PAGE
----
A Visual Exploration Of The Affect Of Camera Movement

When we watch Amelie we may appreciate the scenery, how each shot seems to seamlessly fit with the next and the skill of the staging. But what about what we don’t see? What about how the director, Jeunet, cleverly cuts out the modern and the monstrous of the Parisian streets to ensure we are, at al times, immersed in a romantic dream-like version of the city.


As part of a project for university, Lessa Rabiger was asked to put together a presentation for her film and video editing course on aesthetics. She chose Amelie for it’s careful and clever attention to symmetry, keeping the focus always on the characters and showing us just enough of their surroundings to set the scene.

In cinema what isn’t shown is almost as important as what is: what we cut out in order to emphasise what is left, what we alter about a scene in only showing a whisper of surrounding. You may have seen Amelie before, you may have enjoyed it, but Lessa’s film will have you re-watching it in a totally different light. Conscious of each camera movement, where each character stands and how the lens manipulates your focus and understanding.


Lessa’s video is much like it’s subject: simple, effective and thought-provoking. We spoke to the 24-year old master student to find out more about the project and it’s creator.

The Plus: What made you choose ‘Amelie’ for this project?
Lessa Rabiger:
I was looking for a film director with a lot of personality, who created his own universe based on a peculiar mise-en-scène. Amélie was perfect in that sense. It portrays an idealized 20th century Paris by hiding its modern or disturbing elements and emphasising its dream-like structure, highlighted by a picturesque visual style and an extraordinary use of different wide angle lenses. Jeunet practises what critics could classify as ‘style over substance’, however, it invites the viewer to dive deep into the unique universe of Amelie. In order to achieve that goal, one of his most obvious features would be the outstanding symmetry contained in every single frame, much as previously mastered by Stanley Kubrick and Wes Anderson. I chose this particular film both because of its visual richness and its great popularity as a cult film.


TP: Why did you choose the clips featured and how long did it take you to find all the clips and put them together?
I was looking for clips that combined a centred point of interest or focus (illustrating symmetry) with more or less camera movement (which would be travellings in most cases). The scenes I picked would be obvious to the viewer, a simple composition that would emphasise the centred objects or protagonists. Also, they would star the main characters or stress one-point perspective in unanimated shots of buildings or architecture.
I don’t recall how long exactly it took me to select and compose the clips as it was an ongoing process during my Christmas holidays. It’s funny, however, because this essay is one of my ‘simpler’ works, as I spent way more time selecting and composing clips for some of my other montages (which is, for the most part, due to the larger amount of material involved).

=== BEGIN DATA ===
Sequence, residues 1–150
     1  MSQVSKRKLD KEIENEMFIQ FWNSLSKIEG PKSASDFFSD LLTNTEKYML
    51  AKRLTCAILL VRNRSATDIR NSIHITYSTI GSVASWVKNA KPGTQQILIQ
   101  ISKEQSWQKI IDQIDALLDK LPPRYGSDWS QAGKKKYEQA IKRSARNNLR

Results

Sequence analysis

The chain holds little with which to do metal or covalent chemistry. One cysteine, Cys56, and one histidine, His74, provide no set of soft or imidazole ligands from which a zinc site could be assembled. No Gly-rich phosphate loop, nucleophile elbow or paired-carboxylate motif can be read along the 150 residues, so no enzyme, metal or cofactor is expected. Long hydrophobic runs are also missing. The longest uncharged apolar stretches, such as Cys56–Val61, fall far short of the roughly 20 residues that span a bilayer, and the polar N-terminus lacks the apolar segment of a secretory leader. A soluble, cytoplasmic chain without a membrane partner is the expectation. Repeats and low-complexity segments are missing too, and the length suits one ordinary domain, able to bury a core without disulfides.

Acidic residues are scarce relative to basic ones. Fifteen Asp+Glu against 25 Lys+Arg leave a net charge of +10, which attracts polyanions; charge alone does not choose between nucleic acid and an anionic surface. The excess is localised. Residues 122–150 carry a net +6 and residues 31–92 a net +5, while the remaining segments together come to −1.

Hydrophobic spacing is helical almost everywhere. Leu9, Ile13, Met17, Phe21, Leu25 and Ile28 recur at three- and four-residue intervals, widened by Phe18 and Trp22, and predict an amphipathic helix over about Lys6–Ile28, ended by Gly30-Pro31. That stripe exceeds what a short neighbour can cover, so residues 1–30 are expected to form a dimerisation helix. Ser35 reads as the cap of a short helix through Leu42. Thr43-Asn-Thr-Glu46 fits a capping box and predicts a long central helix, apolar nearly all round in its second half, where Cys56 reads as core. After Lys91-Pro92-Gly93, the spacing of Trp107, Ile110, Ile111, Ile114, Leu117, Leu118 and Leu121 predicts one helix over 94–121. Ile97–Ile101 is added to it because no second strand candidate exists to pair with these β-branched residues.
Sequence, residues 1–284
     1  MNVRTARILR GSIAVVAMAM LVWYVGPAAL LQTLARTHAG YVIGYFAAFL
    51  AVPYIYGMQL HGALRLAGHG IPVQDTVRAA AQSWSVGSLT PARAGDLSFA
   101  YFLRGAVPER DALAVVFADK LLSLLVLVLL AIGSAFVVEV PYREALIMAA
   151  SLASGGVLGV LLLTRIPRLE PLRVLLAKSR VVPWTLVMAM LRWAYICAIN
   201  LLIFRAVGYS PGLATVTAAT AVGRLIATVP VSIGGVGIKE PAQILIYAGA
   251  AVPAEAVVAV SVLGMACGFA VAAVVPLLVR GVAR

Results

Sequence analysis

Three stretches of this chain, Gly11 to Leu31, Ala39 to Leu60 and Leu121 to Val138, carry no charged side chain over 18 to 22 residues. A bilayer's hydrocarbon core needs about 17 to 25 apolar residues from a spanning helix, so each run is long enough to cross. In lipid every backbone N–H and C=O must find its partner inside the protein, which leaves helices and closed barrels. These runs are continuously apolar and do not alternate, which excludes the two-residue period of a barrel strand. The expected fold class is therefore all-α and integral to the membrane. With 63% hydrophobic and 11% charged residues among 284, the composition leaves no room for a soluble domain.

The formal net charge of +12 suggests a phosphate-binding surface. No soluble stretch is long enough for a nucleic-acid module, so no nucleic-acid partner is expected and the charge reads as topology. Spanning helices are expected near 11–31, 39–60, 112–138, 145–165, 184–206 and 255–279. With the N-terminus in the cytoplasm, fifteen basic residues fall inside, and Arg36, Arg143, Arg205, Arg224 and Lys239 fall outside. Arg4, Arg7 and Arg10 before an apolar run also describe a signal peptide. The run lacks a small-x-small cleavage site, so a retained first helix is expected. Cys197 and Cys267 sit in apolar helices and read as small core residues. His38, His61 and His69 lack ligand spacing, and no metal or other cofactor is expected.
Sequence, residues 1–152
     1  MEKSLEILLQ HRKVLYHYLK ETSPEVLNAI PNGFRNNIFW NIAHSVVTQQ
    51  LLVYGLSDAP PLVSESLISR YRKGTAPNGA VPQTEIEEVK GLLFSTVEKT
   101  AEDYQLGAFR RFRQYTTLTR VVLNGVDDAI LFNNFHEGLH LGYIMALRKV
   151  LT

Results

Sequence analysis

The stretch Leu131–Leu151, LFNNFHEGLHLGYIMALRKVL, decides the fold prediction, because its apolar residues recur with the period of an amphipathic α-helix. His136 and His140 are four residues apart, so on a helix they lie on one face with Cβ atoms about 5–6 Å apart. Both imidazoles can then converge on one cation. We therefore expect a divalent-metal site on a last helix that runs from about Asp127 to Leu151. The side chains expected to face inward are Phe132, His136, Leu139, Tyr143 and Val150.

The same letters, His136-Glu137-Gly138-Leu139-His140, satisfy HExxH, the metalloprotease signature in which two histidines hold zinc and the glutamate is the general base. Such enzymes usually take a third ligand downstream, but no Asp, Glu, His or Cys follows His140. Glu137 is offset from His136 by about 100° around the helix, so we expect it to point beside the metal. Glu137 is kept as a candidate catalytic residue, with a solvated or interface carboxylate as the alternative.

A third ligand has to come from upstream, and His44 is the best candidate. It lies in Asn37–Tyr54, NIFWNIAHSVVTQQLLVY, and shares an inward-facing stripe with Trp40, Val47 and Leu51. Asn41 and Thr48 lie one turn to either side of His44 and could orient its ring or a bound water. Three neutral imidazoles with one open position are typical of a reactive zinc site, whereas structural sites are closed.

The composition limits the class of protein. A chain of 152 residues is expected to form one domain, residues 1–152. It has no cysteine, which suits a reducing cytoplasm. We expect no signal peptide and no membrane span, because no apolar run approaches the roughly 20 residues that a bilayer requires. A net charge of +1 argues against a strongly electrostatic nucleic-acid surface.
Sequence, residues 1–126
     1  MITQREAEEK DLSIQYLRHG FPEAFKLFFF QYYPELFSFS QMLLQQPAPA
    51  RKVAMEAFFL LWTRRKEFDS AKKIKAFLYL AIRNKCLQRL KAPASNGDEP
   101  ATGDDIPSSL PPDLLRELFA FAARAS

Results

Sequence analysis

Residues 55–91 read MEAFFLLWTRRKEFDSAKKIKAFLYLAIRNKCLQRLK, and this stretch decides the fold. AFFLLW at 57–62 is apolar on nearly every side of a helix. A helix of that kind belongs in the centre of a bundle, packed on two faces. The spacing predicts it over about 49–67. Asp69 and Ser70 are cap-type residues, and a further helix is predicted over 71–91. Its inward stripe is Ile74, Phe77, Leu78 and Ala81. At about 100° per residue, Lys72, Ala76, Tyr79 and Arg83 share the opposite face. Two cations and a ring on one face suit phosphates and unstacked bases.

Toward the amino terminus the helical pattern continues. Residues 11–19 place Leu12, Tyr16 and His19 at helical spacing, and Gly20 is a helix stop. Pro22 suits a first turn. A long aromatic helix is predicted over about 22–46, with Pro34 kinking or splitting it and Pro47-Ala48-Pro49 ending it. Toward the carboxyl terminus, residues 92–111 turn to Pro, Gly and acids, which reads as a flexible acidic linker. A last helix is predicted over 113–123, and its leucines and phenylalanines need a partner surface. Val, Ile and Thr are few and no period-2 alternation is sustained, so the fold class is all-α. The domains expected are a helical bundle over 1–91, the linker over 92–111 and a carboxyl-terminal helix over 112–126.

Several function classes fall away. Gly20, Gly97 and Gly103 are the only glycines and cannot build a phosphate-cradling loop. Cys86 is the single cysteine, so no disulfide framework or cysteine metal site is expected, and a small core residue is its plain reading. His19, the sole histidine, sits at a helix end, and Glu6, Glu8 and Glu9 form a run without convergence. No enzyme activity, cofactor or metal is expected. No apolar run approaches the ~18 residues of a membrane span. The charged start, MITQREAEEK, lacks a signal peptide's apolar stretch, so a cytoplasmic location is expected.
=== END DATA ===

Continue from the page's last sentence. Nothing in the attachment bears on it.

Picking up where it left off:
TP: Why the fascination with symmetry and camera movement?
The idea for a video about symmetry occurred to me after seeing a supercut about Stanley Kubrick’s work, called ‘Stanley Kubrick’s One-point perspective’. I must confess that I was stunned by the beauty of the composition, laid out so clearly before my eyes. I had been familiar with the topic beforehand, but in the end it was the impact of the compilation that motivated me to analyse a similar topic on my own.
It just so happens that the film I chose for the matter was all about camera movements, so I would want to express its particularity resuming its visual style in one single video.


TP: What is your background?
I’m from the north of Germany (near Hamburg), who moved to Spain (Navarra) at the age of 19 in order to acquire the language. First, it was planned to be a temporal thing while working as an Au Pair; later, I decided to move to Madrid to study (degree in Audiovisual Communication).
Throughout my four years at university I developed a special interest in editing, however, my course offered very general knowledge and was lacking practise and more specific skills.
Outside of university, together with a fellow classmate (Gabriela Bossio Garibay) I carried out a series of video projects for international competitions (‘Call To Innovation’: University Singularity). Turns out that we won the 1st place for Spain in 2014 with the project ‘Medroom’, which laid the foundation for job offers such as promotional videos for a national gas provider (‘Gas Natural Fenosa’).
Today, I’m fulltime busy with my master’s degree, graduating in September and looking for internships to improve my work experience.


TP: Your other videos also show other aspects of cinematography, what is different about this particular project?
My other videos mainly focus on creative matters and editing skills, in terms of composing something completely new on the basis of filmed material. I attribute a new meaning to my videos or focus on the visual style.
‘Symmetry & Camera Movement’, however, is rather a kind of analysis of film making techniques. Instead of creating myself, I try to bring a bit of cinematic virtuosity nearer to the viewer.